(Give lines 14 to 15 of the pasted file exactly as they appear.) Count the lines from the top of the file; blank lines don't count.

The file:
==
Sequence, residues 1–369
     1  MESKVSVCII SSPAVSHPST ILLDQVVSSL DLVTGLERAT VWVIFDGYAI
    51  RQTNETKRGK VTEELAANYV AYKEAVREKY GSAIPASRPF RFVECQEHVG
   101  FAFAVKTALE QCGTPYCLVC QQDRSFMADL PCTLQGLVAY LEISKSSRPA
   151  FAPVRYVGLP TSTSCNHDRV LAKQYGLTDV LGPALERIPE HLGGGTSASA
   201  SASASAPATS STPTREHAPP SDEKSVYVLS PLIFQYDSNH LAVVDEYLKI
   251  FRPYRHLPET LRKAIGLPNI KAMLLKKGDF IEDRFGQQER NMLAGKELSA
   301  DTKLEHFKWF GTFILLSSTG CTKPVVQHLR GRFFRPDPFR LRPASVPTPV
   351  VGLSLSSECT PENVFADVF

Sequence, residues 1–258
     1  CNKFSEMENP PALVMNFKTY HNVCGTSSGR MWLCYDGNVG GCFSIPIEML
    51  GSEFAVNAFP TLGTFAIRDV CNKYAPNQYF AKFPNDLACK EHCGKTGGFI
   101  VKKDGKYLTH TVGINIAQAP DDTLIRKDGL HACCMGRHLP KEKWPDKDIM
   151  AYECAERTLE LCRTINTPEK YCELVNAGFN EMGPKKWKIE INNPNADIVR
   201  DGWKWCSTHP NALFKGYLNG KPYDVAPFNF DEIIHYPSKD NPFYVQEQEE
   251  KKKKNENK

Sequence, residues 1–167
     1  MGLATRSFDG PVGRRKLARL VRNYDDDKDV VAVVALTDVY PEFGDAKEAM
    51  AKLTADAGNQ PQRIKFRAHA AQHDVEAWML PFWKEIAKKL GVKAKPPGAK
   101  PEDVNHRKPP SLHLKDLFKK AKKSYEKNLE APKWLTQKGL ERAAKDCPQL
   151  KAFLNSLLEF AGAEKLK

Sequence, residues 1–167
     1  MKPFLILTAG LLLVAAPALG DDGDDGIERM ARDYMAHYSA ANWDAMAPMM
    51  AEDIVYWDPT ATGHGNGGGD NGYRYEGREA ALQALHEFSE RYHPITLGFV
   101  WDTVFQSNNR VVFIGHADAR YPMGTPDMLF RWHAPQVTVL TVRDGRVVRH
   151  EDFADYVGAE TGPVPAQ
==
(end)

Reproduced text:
   151  AYECAERTLE LCRTINTPEK YCELVNAGFN EMGPKKWKIE INNPNADIVR
   201  DGWKWCSTHP NALFKGYLNG KPYDVAPFNF DEIIHYPSKD NPFYVQEQEE